Read Part 1 of our recent letters here:
Please refer to all manufacturers’ label instructions for proper product usage.
A month ago, I had just about completed a small, intricate carving. I had put off carving the eyes because the wood that I had grabbed in an enthusiastic burst of carving excitement (and what wood you grab is a good topic for us to discuss one day), turned out to be soft in the eye area and I was not in the mood to play with it. And, yes, my tools were sharp.
I enjoy carving eyes, and usually do carve them early into the carving because as my friend and woodcarver extraordinaire, Joe Dillett, once told me, “The eyes give the piece its soul.” He explained that the body, with its language and motion should reflect the carving’s spirit, and you can’t know its spirit until the eyes are completed. (I am paraphrasing here).
So last month, I put that carving aside, eyes uncarved, and started another piece. Three days later, I received Arpad Juhasz’s “letter” which goes to prove that old Buddhist Proverb, “When the student is ready, the teacher will appear.” They never said “how” the teacher would appear.
TIP: Arpad Juhasz’s wrote: “This is something I have found helpful when carving small detail in some really brittle pallet grade mahogany. Take clear nail polish, the more liquidy the better. [Note: The cheaper the polish, the thinner it will be. Expensive nail polish can be thick as glue – not good for this application!] … and paint over the area with it. In a few minutes it will be dry enough to carve and the nail polish acts as a binder helping keep the wood together. I was doing eyes, about 1/4 inch wide, on a realistic face and needed to do eye-lids. The wood kept crumbling although my blade was sharp. Using the nail polish let me do the delicate job successfully. (Also helped with the wings of the nose). Because the nail polish is clear, it did not mess up the clear polyurethane finish.”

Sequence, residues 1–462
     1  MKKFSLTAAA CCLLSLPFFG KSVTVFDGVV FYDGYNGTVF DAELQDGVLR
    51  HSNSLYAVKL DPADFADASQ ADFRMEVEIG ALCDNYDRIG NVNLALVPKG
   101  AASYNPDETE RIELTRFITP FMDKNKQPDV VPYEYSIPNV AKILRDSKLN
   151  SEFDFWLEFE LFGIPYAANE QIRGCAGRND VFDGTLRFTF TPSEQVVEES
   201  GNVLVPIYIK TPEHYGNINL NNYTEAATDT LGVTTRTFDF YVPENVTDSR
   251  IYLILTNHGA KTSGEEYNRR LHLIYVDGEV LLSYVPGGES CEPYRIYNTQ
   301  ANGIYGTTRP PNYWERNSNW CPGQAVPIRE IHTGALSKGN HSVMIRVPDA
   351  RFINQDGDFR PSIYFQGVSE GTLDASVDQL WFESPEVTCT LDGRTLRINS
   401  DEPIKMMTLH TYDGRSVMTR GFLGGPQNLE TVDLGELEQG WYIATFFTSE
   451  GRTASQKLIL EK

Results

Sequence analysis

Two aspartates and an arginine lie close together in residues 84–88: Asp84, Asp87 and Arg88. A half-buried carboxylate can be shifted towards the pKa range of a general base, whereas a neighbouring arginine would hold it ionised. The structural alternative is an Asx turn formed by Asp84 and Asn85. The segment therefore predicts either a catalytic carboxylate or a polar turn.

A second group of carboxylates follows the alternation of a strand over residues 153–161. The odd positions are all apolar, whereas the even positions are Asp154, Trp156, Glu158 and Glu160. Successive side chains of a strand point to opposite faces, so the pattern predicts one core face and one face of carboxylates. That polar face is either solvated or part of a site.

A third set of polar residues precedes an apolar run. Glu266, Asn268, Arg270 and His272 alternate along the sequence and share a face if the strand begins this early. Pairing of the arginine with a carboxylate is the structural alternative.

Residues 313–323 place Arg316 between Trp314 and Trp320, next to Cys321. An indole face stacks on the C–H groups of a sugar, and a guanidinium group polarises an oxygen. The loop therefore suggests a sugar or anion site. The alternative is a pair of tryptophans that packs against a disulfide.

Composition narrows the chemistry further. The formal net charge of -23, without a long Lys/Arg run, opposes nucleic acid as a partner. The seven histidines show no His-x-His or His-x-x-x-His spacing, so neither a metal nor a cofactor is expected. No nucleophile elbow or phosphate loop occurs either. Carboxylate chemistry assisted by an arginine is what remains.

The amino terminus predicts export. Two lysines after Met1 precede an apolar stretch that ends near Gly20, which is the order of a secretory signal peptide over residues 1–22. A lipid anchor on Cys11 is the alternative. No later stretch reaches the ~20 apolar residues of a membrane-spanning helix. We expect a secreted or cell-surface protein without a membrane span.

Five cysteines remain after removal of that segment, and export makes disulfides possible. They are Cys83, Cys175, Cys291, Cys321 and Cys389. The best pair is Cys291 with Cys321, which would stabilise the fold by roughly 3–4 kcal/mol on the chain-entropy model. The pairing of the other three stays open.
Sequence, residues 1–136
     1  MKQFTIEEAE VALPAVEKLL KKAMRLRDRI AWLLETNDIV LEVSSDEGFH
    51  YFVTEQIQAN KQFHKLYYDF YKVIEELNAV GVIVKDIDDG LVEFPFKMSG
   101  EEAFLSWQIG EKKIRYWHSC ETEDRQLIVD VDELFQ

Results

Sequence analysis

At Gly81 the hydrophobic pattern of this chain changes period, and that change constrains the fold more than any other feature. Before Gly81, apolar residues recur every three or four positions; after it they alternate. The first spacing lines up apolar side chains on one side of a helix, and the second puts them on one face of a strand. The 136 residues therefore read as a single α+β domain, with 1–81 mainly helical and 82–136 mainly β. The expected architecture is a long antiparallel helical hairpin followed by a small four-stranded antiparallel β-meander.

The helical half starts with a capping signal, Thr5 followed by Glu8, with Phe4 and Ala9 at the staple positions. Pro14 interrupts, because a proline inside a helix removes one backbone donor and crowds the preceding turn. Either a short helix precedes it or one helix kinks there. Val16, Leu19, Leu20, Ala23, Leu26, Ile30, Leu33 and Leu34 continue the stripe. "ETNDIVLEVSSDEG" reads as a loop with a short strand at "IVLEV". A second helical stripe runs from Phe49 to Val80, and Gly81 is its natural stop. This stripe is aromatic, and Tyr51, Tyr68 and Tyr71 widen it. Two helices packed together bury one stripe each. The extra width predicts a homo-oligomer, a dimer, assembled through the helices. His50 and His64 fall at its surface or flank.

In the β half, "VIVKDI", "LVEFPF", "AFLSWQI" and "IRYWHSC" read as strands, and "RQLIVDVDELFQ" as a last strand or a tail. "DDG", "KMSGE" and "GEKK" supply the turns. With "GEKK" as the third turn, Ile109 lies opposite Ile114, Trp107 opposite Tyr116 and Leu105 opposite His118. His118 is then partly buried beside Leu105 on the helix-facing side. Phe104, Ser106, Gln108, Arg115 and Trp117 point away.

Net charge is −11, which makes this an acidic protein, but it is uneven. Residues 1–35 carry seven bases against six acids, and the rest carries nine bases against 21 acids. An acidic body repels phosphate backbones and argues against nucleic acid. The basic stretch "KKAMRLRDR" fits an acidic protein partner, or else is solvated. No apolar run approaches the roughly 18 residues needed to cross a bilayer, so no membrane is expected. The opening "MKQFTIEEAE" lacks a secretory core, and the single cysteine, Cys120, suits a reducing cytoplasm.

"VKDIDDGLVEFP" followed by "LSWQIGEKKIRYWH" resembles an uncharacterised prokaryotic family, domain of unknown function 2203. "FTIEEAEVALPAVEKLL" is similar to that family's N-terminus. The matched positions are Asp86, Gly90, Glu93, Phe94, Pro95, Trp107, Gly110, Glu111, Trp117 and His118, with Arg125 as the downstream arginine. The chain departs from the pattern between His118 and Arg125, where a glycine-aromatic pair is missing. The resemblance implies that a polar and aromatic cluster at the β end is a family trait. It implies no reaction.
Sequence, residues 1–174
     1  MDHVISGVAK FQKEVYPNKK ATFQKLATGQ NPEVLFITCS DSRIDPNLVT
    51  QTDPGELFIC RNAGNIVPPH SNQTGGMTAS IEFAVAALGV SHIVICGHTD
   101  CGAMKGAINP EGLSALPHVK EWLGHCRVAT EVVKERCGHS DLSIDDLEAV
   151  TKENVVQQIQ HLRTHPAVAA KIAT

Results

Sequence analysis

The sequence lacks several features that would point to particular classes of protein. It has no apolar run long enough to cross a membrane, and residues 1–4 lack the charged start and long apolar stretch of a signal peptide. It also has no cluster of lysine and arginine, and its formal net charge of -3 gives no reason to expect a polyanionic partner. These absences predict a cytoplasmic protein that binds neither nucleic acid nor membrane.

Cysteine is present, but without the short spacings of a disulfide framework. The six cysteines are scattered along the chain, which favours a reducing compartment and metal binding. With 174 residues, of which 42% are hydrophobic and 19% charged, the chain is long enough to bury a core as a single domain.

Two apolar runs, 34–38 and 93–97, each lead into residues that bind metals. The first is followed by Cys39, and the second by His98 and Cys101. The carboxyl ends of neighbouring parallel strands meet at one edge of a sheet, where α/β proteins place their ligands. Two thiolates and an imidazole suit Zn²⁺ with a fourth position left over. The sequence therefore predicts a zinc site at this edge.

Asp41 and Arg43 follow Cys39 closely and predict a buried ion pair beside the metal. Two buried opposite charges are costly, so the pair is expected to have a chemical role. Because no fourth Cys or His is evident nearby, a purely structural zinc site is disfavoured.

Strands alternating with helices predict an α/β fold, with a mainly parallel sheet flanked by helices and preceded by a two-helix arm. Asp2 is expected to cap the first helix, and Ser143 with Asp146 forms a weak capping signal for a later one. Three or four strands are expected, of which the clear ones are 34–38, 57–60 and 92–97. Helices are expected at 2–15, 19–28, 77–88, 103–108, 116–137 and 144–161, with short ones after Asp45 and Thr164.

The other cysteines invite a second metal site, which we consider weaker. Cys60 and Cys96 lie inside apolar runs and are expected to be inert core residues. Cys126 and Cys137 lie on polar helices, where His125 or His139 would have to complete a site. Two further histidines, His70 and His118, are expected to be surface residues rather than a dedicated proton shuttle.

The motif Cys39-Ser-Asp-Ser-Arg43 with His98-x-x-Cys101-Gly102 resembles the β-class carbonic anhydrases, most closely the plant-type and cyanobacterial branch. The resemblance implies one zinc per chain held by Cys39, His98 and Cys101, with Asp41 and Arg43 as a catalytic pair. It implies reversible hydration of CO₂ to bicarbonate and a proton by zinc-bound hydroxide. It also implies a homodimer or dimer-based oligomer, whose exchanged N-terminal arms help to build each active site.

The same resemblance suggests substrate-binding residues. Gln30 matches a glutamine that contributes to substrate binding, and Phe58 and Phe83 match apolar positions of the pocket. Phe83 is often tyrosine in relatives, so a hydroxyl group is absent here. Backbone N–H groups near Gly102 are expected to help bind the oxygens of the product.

Arpad, how could you know that I needed your help just then? Thank you so much for sending that email. Arpad also wrote that he carves at the Towson, MD, BYKOTA (“Be ye kind one to another,’ a biblical quote) Senior Center. That’s no surprise, Arpad. I have found, over and over again, that the word “kind” constantly crops up wherever carvers congregate.
Arpad’s TIP came at the perfect time and I was able to easily carve small, realistic eyes into soft wood.
Next, I had to paint the carving, and I dreaded it. I would have preferred to leave the carving natural, however, it was a commission and the person requested it be painted.
I have ruined more carvings through poor painting/staining techniques, then through poor carving (well, almost). It is so painful to ruin a decent carving that way.
Knowing that painting/staining carvings is not my forte, I collect different finishing methods from magazines and seminars. To say I have over 30 different methods of finishing a carving would not be an exaggeration. I have tried most of them, and haven’t loved any of them … until … (there really should be a drum roll here) I received a “letter” from Grant Reagan, and I’ll be darned if that old Buddhist proverb didn’t prove itself twice in one week.